|OSBORNE, J - NCSU
Submitted to: Journal of Food Protection
Publication Type: Peer Reviewed Journal
Publication Acceptance Date: 10/16/2004
Publication Date: 2/1/2005
Citation: Breidt, F., Hayes, J.S., Osborne, J.A., McFeeters, R.F. 2005. Determination of 5-log pathogen reduction times for heat-processed, acidified vegetable brines. Journal of Food Protection. 68:305-310.
Interpretive Summary: Data is presented that shows the minimum times and temperatures of heating needed to ensure that disease-causing microorganisms are destroyed in commercial, acidified vegetable products (including pickles, peppers, and others). We know of no record in the scientific literature of bacteria causing disease outbreaks from these products. However, previous laboratory research with acidified vegetable brines has shown that some acid-resistant microbes can survive for extended periods (two weeks or longer) in acidified vegetable products. Our results indicate that current commercial heat processes kill microbial pathogens with a large margin of safety.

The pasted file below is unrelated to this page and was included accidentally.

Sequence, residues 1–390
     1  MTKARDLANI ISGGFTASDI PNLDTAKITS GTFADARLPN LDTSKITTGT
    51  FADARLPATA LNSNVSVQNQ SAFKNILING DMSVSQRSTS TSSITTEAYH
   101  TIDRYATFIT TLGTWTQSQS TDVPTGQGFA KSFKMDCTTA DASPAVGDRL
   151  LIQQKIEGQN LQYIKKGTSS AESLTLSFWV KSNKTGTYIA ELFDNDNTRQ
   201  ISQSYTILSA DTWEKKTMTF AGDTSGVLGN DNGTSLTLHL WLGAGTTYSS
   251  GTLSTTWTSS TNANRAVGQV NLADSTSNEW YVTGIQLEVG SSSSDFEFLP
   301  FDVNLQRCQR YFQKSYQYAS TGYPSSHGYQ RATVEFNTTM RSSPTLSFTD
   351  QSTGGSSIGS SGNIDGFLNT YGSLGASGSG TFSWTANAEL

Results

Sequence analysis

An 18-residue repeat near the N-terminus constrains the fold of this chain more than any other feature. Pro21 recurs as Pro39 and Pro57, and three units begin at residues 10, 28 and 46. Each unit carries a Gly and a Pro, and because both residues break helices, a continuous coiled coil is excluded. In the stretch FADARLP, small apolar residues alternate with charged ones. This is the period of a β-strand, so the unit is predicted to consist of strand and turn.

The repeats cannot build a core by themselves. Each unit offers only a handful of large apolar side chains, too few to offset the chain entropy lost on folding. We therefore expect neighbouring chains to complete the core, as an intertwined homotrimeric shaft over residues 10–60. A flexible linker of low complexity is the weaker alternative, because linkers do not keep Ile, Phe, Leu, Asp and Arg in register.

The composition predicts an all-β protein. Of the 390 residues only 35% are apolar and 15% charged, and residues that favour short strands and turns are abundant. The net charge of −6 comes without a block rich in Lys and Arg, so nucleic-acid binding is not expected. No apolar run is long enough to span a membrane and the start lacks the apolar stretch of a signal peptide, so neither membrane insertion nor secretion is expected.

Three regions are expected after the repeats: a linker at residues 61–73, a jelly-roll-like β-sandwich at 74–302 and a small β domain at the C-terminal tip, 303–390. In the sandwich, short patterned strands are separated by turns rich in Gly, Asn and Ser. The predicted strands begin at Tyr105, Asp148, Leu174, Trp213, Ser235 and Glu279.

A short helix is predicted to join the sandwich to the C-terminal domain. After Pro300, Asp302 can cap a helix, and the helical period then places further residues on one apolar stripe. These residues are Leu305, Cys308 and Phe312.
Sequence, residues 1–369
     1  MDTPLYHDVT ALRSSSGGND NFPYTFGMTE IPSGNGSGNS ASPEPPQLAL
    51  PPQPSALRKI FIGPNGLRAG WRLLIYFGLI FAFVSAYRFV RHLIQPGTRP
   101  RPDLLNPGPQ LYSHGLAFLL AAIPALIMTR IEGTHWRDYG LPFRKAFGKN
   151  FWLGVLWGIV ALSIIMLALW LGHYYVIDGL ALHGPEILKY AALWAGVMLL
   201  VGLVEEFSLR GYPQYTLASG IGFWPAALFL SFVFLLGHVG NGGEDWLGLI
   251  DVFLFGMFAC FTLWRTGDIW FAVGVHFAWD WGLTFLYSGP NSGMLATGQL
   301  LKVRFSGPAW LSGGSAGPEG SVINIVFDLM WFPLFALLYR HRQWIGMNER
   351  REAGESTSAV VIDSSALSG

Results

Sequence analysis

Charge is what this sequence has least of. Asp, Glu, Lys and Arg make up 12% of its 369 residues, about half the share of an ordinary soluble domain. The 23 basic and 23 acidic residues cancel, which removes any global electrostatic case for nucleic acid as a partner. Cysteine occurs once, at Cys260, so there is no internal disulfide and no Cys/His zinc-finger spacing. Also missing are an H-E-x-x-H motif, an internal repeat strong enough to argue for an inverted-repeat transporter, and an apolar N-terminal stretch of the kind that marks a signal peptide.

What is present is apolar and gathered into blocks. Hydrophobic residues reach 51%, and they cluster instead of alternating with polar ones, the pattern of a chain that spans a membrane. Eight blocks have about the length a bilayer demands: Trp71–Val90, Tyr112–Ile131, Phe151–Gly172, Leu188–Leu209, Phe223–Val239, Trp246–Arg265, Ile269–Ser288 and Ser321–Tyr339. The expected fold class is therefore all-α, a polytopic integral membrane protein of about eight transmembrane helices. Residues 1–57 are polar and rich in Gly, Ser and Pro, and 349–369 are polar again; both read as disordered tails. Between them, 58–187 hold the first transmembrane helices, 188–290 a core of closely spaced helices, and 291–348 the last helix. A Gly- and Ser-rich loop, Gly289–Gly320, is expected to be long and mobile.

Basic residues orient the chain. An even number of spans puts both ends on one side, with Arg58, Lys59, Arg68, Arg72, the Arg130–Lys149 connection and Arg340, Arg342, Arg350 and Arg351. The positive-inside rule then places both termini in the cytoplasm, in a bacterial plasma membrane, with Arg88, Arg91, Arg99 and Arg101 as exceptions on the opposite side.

Technical Abstract: Recent outbreaks of acid-resistant food pathogens in acid foods, including apple cider and orange juice, have raised concerns about the safety of acidified vegetable products. We determined pasteurization times and temperatures needed to assure a 5-log reduction in the numbers of Escherichia coli O157:H7, Listeria monocytogenes, and Salmonella strains in acidified cucumber pickle brines. Cocktails of five strains of each pathogen were (separately) used for heat-inactivation studies between 50 and 60 deg C in brines which had an equilibrated pH value of 4.1. Salmonella strains were found to be less heat-resistant than E. coli O157:H7 or L. monocytogenes strains. The non-linear killing curves generated during these studies were modeled using a Weibull function. We found no significant difference in the heat-killing data for E. coli O157:H7 and L. monocytogenes (p = 0.9709). The predicted 5-log reduction times for E. coli O157:H7 and L. monocytogenes were found to fit an exponential decay function. These data were used to estimate minimum pasteurization times and temperatures needed to ensure safe processing of acidified pickle products and show that current industry pasteurization practices offer a significant margin of safety.